Data Protection Officer (DPO): New Role Required for GDPR Compliance

A Data Protection Officer (DPO) is a new role required by GDPR. They ensure compliance with GDPR requirements. Here's everything you need to know.

DPO Definitiion

Before defining it, we need to answer the question, "what is DPO?" DPO stands for Data Protection Officer or Data Privacy Officer. It is a new role required by the General Data Protection Regulation (GDPR). They are responsible for overseeing the company’s strategy and implementation to ensure compliance with GDPR requirements.

Importance of a DPO

GDPR is a set of guidelines that are meant to protect citizens in Europe. It calls for the mandatory appointment of someone called a Data Protection Officer, which every organization has to have if they process or store data on European Union citizens.

GDPR does not specify what they consider to be a large scale data handling. It can be determined by four factors.

Those four factors are:

  • Data subjects
  • Data items
  • Length of data retention
  • Geographic range of processing

There are no exact guidelines as to how big a company needs to be before hiring a data protection officer. However, most small companies will not have that need unless their core focus is collecting or storing people’s personal information.

GDPR DPO Roles and Responsibilities

The data protection officer is a mandatory job for any company that collects or processes personal information of EU citizens. The DPO’s responsibilities are to educate the companies and its employees about compliance, train staff involved in data processing, conduct regular security audits, serve as point-of-contact between company and Supervisory Authorities (SAs) overseeing activities related to data.

The DPO’s responsibilities include the following, but are not limited to:

  • Companies need to be educated on important compliance requirements, and employees should also know.
  • Data processing is a difficult process to teach, and I’ve found it’s best left up to the individual.
  • To ensure that your company is complying with all applicable laws and to address potential issues before they arise, you should audit the work environment.
  • Acting as the company’s liaison to GDPR Supervisory Authority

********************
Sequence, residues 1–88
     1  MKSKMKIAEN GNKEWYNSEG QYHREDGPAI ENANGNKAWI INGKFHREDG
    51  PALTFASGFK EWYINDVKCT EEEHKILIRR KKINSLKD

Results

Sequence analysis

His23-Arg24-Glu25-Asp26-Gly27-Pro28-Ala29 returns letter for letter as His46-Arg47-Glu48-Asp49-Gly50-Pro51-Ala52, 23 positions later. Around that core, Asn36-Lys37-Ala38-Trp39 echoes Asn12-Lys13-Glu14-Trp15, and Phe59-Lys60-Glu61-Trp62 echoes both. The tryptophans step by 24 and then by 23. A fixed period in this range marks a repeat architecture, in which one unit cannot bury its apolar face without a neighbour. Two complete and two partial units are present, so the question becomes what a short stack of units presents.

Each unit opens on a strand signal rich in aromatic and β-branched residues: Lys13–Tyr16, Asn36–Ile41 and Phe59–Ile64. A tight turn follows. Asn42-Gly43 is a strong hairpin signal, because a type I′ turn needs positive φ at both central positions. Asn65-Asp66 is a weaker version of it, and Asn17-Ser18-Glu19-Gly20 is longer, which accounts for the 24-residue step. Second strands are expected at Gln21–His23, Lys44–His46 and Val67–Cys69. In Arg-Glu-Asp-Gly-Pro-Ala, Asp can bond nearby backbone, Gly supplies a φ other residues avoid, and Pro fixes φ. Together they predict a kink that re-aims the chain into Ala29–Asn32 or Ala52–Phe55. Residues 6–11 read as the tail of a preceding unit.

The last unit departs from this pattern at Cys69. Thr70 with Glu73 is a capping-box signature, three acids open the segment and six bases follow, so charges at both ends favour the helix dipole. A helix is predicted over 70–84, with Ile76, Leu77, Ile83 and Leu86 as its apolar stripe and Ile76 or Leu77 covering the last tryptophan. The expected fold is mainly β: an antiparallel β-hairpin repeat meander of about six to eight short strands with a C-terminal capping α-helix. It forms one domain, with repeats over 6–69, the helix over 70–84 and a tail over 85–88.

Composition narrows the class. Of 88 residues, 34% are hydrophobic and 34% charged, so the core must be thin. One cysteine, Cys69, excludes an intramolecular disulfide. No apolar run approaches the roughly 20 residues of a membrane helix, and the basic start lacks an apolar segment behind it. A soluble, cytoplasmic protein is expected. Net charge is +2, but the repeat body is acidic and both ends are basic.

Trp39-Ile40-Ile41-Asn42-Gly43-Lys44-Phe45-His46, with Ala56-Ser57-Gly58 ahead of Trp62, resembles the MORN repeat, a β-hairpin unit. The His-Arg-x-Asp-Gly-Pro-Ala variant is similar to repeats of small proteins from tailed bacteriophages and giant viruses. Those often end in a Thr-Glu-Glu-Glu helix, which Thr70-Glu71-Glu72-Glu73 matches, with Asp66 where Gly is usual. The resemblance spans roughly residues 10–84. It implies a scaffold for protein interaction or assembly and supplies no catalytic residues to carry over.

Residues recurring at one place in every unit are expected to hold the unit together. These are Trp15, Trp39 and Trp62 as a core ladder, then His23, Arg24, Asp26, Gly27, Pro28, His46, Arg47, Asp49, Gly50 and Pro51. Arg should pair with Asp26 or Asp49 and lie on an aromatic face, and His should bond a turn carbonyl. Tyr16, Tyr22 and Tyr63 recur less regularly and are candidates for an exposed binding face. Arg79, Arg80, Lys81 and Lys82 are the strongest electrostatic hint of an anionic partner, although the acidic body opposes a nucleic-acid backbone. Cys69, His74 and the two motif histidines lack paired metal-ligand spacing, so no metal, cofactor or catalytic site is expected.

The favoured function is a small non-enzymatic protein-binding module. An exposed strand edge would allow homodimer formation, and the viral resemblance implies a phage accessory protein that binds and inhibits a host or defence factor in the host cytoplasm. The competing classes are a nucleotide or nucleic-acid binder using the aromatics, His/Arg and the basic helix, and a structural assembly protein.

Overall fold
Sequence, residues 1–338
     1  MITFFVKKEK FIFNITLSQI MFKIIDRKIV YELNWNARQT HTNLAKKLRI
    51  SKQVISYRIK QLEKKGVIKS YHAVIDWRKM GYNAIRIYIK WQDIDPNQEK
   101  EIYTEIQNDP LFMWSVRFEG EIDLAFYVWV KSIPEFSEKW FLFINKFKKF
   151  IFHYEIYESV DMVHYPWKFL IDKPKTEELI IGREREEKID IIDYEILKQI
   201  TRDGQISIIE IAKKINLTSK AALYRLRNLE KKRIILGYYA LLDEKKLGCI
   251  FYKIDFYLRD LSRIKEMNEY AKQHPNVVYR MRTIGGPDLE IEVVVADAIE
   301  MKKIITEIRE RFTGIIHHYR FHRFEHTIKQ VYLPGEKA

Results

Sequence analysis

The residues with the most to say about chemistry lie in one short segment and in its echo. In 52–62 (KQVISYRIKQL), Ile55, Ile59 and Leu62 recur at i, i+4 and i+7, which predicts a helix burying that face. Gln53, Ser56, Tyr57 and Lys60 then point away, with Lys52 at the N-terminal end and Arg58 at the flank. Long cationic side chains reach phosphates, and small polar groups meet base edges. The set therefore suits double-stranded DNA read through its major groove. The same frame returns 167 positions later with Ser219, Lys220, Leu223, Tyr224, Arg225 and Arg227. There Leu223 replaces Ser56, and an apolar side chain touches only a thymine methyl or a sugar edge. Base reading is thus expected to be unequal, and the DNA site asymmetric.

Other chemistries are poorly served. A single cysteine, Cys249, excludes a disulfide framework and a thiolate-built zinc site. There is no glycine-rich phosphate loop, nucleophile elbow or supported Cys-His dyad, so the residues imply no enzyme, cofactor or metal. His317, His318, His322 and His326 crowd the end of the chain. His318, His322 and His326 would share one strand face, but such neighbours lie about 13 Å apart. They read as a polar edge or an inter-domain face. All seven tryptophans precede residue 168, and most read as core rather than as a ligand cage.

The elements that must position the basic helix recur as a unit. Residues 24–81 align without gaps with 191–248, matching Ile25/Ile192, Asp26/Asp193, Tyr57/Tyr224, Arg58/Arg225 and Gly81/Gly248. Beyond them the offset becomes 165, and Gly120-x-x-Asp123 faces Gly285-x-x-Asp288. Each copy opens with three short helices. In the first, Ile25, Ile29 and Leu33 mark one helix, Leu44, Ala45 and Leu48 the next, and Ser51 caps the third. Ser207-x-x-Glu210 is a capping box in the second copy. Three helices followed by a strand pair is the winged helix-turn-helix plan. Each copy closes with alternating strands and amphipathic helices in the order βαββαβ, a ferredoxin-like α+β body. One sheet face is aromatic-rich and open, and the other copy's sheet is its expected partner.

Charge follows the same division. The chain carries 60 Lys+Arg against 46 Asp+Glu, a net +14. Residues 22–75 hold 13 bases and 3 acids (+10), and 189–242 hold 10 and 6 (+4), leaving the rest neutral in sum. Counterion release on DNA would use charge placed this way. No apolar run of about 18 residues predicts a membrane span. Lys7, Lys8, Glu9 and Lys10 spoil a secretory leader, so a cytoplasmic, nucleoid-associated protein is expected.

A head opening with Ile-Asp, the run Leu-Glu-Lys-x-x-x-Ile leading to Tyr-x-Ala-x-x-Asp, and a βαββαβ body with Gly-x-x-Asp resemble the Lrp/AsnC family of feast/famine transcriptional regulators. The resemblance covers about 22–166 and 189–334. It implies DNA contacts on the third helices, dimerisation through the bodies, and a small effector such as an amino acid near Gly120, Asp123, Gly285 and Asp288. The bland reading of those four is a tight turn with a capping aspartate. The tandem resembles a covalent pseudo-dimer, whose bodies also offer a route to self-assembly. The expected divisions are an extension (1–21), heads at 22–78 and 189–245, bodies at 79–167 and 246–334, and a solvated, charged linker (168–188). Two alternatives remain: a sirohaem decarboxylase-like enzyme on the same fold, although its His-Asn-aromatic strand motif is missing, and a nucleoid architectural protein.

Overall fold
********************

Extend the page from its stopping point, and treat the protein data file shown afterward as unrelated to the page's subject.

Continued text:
• I oversee the company’s data protection efforts and provide advice on how to improve them.
  • It’s important to maintain records of all data processing activities, and make them available upon request.
  • When we talk to people about their information, we tell them what they can do and inform them of our privacy measures.

Requirements for Data Protection Officers

The GDPR does not list specific credentials for the data protection officer, but Article 37 requires them to have expert knowledge of data protection law and practices. The regulation also specifies that their expertise should align with the organization’s needs

Data protection officers can come from anywhere, but they must be accessible to all the related organizations. They also need their information published and given to regulatory agencies.

In order to have a Data Protection Officer, the person must not be in any position that is against their responsibilities. For example, if they are legally representing an individual or company for legal proceedings on behalf of them then it would be considered as having conflict of interest and therefore cannot serve as DPO.

Best Steps for Hiring a DPO

With the GDPR, companies have to hire a data protection officer if they are not in Europe but still handle EU citizens’ personal information. It is predicted that tens of thousands will be needed for all regulated organizations.

The best Data Protection Officer will need to have expertise in data protection law and a complete understanding of the company’s IT infrastructure, technology, and organizational structure. Companies should look for candidates who can manage their data protection internally while reporting non-compliance to other organizations such as Supervisory Authorities.

A DPO needs to have excellent management skills. They need to be able to communicate with both internal staff and outside authorities, as well as ensure that the company is compliant.

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